Focusing on Doctoral Students Experiences of Engagement in Thesis WorkReport as inadecuate

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Frontline Learning Research, v1 n2 p12-34 2013

Little is known about what inspires students to be involved in their doctoral process and stay persistent when facing challenges. This study explored the nature of students' engagement in the doctoral work. Altogether, 21 behavioural sciences doctoral students from one top-level research community were interviewed. The interview data were qualitatively content analysed. The doctoral students described their engagement in terms of experiences of dedication and efficiency. They rarely reported experiences of absorption. The primary sources of their engagement in their thesis work were increased sense of competence and relatedness. In addition, three qualitatively different forms of engagement in doctoral work including adaptive engagement, agentic engagement and work-life inspired engagement were identified from the doctoral students' descriptions. Further, there was a variation among the students in terms of what forms of engagement they emphasised in different phases of their doctoral studies. This study contributed to the literature on doctoral student engagement by opening the nature of engagement at the interfaces of studying and working by shedding light on the dual role of doctoral students as both students and professional researchers. Moreover, this study broke down the complexity of engagement by identifying qualitatively different experiences and sources of engagement. The results encourage designing such engaging learning environments for doctoral students that promote their experiences of being competent researchers and integrated into their scholarly community.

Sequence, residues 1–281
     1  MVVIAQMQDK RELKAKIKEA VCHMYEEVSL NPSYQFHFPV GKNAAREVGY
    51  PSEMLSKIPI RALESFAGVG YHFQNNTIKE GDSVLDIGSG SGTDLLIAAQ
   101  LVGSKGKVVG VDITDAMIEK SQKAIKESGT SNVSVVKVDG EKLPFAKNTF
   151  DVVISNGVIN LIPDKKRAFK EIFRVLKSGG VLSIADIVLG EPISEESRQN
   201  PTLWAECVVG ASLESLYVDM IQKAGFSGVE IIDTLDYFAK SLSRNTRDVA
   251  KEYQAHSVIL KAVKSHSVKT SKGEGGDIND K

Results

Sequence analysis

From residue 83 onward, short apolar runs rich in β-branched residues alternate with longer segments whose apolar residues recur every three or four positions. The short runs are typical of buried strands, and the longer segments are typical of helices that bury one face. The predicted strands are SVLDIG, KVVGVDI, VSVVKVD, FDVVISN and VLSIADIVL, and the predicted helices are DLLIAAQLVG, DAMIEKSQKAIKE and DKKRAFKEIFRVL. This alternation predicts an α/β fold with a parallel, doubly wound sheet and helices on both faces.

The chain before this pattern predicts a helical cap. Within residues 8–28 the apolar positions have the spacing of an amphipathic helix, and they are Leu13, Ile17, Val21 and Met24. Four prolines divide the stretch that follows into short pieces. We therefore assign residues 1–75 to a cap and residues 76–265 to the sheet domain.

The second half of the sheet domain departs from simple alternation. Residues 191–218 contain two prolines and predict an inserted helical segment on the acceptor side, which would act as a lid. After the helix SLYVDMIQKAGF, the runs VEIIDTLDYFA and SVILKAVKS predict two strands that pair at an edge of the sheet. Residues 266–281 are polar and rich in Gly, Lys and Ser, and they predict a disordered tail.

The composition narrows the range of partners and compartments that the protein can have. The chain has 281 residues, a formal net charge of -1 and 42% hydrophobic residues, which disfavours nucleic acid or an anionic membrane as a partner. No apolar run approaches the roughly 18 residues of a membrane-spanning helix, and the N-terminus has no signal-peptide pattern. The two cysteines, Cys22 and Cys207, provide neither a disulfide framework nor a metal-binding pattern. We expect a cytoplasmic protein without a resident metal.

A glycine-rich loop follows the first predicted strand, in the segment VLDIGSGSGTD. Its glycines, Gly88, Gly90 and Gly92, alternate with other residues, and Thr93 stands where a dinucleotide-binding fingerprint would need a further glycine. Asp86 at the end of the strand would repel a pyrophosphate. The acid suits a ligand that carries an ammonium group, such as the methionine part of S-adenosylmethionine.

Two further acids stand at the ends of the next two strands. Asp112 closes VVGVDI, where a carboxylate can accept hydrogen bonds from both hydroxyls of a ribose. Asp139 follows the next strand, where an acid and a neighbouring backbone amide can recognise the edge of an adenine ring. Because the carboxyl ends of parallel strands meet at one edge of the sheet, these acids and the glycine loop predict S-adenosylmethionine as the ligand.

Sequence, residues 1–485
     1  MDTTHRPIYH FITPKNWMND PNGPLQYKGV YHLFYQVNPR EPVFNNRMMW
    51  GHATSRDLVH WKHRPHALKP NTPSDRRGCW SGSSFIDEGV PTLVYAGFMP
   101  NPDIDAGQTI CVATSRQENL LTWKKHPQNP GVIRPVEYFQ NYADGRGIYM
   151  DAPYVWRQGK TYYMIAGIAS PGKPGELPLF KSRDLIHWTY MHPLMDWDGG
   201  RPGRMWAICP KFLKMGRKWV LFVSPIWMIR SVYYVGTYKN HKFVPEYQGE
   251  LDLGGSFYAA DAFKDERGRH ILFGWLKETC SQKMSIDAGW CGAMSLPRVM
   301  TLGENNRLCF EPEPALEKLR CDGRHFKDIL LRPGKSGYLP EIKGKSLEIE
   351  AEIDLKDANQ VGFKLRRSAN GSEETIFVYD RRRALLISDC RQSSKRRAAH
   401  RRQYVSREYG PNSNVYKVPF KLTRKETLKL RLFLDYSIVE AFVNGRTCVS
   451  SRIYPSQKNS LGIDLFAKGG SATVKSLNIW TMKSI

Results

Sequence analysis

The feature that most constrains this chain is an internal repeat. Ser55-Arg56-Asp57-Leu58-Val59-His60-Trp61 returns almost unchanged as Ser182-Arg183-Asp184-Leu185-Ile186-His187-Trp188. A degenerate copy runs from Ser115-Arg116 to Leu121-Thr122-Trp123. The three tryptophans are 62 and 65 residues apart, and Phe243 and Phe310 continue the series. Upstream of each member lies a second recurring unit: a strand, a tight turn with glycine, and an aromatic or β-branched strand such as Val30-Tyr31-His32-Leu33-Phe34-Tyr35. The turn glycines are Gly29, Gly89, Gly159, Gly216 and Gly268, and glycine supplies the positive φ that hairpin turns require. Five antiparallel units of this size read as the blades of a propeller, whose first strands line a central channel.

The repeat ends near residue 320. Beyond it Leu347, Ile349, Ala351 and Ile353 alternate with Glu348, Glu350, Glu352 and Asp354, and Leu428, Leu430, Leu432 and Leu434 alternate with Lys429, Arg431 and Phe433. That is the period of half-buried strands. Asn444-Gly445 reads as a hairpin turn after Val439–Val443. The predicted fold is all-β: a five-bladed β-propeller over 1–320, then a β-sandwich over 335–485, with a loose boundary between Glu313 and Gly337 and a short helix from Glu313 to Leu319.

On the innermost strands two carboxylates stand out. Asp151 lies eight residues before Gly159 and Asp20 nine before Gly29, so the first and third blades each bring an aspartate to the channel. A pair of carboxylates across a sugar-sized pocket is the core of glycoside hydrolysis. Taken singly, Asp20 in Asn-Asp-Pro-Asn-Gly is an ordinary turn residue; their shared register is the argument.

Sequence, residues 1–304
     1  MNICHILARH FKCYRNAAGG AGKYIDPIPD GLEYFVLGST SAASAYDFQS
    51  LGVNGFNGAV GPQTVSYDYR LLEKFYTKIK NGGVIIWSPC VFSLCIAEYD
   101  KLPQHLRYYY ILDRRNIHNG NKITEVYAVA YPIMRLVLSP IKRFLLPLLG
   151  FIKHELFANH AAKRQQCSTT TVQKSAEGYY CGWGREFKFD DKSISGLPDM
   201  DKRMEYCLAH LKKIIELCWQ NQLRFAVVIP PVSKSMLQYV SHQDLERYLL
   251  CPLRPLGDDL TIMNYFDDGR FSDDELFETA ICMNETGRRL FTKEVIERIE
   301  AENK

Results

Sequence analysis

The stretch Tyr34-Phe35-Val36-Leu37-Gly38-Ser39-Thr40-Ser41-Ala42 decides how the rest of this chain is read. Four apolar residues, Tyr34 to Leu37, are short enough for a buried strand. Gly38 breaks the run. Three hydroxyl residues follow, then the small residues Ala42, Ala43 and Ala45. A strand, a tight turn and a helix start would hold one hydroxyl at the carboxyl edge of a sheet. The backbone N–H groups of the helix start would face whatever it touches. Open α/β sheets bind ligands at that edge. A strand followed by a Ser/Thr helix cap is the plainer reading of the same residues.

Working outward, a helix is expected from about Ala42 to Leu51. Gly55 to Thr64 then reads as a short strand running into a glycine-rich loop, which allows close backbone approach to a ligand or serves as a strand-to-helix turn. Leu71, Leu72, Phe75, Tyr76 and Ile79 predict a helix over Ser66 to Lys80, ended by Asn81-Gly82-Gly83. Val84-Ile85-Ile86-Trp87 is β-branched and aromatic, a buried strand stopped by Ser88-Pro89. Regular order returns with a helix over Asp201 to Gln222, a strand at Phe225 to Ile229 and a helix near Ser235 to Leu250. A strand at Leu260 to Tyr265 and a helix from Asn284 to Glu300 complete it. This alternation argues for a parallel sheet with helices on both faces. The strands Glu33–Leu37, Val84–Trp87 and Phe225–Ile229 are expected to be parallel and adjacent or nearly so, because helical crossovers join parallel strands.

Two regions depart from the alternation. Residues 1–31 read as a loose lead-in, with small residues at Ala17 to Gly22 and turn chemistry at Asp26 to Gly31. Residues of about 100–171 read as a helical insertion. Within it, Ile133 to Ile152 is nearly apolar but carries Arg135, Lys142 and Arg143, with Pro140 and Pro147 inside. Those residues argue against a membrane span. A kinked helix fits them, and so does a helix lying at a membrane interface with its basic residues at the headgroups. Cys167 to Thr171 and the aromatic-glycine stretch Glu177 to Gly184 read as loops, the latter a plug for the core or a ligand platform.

Descriptors: Graduate Students, Theses, Academic Persistence, Learner Engagement, Behavioral Sciences, Content Analysis, Qualitative Research, Student Experience, Student Attitudes, Student Research, Scholarship, Foreign Countries, Research Universities, Semi Structured Interviews, Personal Autonomy

European Association for Research on Learning and Instruction. Peterseliegang 1, Box 1, 3000 Leuven, Belgium. e-mail: info[at]; Web site:

Author: Vekkaila, Jenna; Pyhältö, Kirsi; Lonka, Kirsti


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